But price controls guarantee that the products and services being price-controlled will become less available. They always have and they always will. So drugs and medical devices of all sorts would rapidly dwindle. The development of new ones would likely halt in place. And of course, those who aspire to become doctors or nurses would view their career prospects in a completely different light: as de facto government employees who lack the right to set the prices for their own services. The balance of incentives and disincentives to enter the medical field would shift toward the negative. We’d have fewer medical practitioners of every sort.

     Maybe medical care would be cheaper...but would you be able to get it when you need it? Ask any Briton or Canadian.

     Third and last for this tirade, we have the “tax the rich” nostrum, which is the major arrow in Elizabeth Warren’s quiver. (She does carry a bow and a quiver full of arrows, doesn’t she? I mean, as she’s an Indian, and dislikes guns as well...?) This is a frank admission that costs would increase. It merely seeks to excite the cupidity of the voter by offering to shift his burdens onto other, “rich” shoulders.

     We can leave aside the moral aspects of such a proposition. Either they’re obvious or they aren’t. But the practical aspects are important as well. First, just who are these “rich?” Second, what do you imagine they would do when confronted by the massive tax increases to be laid upon them?

     These are questions Miss Warren refuses to answer, as have all socialists throughout history. “The rich” proves to be an expanding category. It creeps steadily toward you and me as the State discovers that it “needs more money.” As for the behavioral changes “the rich” would adopt in the face of sharply increased taxation, discussing those is anathema to anyone on the Left. Leftists hate to ponder incentive effects and their operation in a dynamic system. They prefer a static picture of the world, in which “the rich” simply have to hold still and take whatever reaming they’ve “got coming.”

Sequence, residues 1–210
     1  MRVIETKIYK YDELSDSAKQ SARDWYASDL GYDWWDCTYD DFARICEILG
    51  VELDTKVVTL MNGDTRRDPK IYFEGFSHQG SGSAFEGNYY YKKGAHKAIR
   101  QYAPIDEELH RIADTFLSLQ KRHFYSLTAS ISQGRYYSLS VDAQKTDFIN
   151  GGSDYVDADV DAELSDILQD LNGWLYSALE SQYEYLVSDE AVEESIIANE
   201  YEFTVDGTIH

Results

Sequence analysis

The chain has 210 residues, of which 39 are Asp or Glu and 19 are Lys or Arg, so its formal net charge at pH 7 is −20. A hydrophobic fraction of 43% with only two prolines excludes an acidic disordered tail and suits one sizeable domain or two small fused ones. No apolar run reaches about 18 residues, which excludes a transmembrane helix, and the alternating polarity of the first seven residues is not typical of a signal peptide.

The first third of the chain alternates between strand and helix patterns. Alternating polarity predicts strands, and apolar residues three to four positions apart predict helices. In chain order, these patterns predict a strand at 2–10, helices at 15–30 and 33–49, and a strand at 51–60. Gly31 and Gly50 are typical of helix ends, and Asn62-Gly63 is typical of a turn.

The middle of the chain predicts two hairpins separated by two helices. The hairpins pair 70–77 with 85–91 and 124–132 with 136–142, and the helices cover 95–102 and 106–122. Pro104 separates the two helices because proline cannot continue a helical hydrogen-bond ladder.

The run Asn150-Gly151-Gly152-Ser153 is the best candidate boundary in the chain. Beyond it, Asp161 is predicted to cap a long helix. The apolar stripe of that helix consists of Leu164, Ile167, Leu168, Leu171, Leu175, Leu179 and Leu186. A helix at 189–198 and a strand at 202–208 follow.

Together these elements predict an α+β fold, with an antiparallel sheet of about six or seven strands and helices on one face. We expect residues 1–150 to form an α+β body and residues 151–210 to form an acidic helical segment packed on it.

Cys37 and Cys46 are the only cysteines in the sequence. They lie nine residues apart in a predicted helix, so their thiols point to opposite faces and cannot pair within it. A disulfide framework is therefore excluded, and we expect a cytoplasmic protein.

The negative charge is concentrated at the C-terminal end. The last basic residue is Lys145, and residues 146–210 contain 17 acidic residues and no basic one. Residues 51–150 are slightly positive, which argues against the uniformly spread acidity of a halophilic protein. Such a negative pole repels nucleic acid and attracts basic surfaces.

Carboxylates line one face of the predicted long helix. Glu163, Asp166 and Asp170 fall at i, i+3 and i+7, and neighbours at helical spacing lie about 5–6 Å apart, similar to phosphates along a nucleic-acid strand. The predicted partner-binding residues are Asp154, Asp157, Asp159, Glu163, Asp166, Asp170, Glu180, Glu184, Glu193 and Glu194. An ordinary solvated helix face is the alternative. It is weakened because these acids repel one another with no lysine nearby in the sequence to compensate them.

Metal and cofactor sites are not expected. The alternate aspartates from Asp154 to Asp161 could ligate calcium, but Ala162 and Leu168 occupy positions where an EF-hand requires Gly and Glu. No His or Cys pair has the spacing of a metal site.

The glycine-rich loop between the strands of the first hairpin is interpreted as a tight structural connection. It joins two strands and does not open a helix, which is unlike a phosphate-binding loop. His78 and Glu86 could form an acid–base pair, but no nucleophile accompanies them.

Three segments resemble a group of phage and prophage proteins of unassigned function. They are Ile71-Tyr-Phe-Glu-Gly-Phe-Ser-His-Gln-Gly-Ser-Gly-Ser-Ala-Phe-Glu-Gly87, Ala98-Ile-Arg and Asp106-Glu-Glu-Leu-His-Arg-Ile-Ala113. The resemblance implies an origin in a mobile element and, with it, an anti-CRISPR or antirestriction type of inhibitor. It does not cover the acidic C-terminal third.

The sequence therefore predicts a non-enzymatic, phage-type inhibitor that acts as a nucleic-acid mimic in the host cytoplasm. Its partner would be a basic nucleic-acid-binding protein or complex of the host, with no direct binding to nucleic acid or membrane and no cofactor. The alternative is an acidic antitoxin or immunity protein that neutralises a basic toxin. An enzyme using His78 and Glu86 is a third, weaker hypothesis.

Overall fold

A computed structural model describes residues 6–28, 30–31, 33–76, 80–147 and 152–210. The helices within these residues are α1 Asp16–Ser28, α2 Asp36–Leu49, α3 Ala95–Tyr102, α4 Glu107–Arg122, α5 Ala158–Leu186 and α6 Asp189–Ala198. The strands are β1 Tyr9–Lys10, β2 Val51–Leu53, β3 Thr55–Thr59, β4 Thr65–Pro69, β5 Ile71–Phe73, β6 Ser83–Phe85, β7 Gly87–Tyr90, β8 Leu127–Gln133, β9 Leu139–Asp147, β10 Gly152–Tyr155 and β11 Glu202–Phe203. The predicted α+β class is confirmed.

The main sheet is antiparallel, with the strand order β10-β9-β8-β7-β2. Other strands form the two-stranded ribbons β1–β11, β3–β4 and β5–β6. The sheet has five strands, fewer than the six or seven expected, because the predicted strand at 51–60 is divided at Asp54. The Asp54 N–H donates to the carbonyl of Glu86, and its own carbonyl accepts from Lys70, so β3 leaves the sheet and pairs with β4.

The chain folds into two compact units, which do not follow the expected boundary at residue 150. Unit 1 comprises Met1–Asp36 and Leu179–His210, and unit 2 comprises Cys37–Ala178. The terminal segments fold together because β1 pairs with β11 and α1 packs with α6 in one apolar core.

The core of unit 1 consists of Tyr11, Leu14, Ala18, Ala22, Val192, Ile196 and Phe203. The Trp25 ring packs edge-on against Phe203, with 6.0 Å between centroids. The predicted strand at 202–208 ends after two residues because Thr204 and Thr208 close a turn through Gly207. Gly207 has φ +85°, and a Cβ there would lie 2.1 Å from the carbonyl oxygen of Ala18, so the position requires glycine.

If you’re thinking about emigration restrictions and anti-capital-flight legislation, you’re not alone.

     So Elizabeth Warren’s “Medicare for all” claims differ not at all from any other proposition about socializing medicine (or anything else). Either the costs Americans would bear would increase, or the availability of medical care would sink toward the levels that are currently costing lives and lifespans in every nation that’s adopted such a scheme. And you don’t need numbers to demonstrate it.

     Ultimately, the laws of economics will prevail over all political attempts to repeal or modify them. Whenever Smith wants something that he must purchase from Jones, the laws of supply and demand, in particular, will dictate the course of events. The costs – in money, time, pain and suffering, quality of products and services, and quality of life – cannot be lowered by waving a government wand. There’s no hiding them...nor is it possible to hide from them.

1 comment:

Linda Fox said...


No Government program is FREE - what that really means is "no direct cost to the non-taxpaying/low-taxpaying user".